Reg: exact field for response time

Hardik hetardik.p at
Thu Apr 4 05:54:30 UTC 2019

Thanks a lot Geoff.

I was ill and off work for few days so did not reply.
I am reading second field now. In future to give only response time from
varnish, will try to sum other time stamps as you said.

Thank you

On Wed, 20 Mar 2019 at 17:15, Geoff Simmons <geoff at> wrote:

> On 3/20/19 07:14, Hardik wrote:
> >
> > what time should give to customer as a response time? Is it 2nd
> field(Total
> > round trip time) or 3rd field(only response time after processed fetched
> > content) ?
> >        Timestamp Resp: 1501601912.806787* 0.048125* *0.000037*
> >
> > Reason of asking this question is, Only first time request will go to
> > origin. After that next all the request will be served from cache. Also
> > generally we do not have control over other network (customer's network)
> > when request goes to origin. As per this understanding, I should give 3rd
> > field to customer as per response time. Please correct me if I am wrong.
> The third field of Resp is not a useful measurement. It's the time taken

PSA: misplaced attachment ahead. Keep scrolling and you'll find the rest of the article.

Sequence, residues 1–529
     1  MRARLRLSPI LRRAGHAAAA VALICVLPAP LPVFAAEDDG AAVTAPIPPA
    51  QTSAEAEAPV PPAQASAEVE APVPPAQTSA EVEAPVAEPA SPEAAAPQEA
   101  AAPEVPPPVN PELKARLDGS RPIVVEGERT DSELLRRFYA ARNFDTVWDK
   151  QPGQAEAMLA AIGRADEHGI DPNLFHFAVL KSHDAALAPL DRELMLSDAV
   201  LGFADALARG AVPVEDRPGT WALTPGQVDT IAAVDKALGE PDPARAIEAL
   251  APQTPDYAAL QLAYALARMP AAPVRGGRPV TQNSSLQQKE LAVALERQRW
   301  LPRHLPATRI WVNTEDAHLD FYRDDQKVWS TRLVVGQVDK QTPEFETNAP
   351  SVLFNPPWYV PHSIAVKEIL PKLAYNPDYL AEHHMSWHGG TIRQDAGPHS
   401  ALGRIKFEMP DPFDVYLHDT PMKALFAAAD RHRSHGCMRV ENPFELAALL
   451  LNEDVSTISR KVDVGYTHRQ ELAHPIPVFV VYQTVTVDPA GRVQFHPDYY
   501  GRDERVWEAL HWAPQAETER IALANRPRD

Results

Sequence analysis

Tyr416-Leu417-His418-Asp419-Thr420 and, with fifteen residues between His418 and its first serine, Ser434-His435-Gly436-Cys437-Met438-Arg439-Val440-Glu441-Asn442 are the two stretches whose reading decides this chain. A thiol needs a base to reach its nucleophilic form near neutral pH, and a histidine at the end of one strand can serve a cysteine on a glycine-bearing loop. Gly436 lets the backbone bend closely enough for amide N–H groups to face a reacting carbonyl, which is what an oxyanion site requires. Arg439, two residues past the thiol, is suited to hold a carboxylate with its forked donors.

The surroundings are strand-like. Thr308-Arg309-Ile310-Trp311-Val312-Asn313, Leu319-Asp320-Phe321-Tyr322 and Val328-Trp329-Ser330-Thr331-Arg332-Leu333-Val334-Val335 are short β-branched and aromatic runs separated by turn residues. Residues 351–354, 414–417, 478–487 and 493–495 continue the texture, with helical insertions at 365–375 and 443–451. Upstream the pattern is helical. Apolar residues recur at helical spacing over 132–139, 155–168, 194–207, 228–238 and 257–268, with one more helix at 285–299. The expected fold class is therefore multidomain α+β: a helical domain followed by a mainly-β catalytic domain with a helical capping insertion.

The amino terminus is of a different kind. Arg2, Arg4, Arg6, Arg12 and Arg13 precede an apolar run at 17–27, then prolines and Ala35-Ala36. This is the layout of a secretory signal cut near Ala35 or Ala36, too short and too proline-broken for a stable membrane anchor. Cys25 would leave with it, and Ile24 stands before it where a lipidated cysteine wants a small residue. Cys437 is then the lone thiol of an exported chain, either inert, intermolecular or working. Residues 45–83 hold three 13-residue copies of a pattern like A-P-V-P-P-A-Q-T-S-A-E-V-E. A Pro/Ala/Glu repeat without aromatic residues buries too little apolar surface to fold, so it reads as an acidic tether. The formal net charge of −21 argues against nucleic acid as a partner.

> for Varnish userland code to complete network send operations -- when
> the syscalls say they're done, there's essentially nothing left for
> Varnish to do with the response, so Varnish writes the final timestamp.
> But return from the syscalls for network send may mean nothing more
> than: the data has been placed on queues in the TCP stack. It doesn't
> tell you anything about the network send, or even if the data has been
> sent on the network yet at all.
> As a practical matter, if you tell your customer that "response time"
> was 37 microseconds, they probably won't believe you. (I wouldn't.)
> From what you've said, it sounds like you're looking for something like:
> the time taken to process the request, but not including the time for a
> fetch from the origin server. Is that about right?
> For that, you'd need to do more than read one field from one Timestamp
> entry -- you'll need to read at least two, maybe more, and then do some
> arithmetic.
> The best measure for the total time of request processing is the 2nd
> field in Timestamp:Resp, 48ms in your example above.
> The best measure for the fetch time is in the backend log, the 3rd field
> of Timestamp:Beresp, maybe added to the 3rd field of
> Timestamp:BerespBody. So you'd have to find the backend log
> corresponding to client log. -g request can help you with that.
> Then (if this is what you're after), subtract the fetch time from the
> total request processing time.
> There are some other ways to go about it, but it depends on what exactly
> you want to measure as "response time". And since I may have
> misunderstood what you're trying to measure, I'll stop there.
> HTH,
> Geoff
> --
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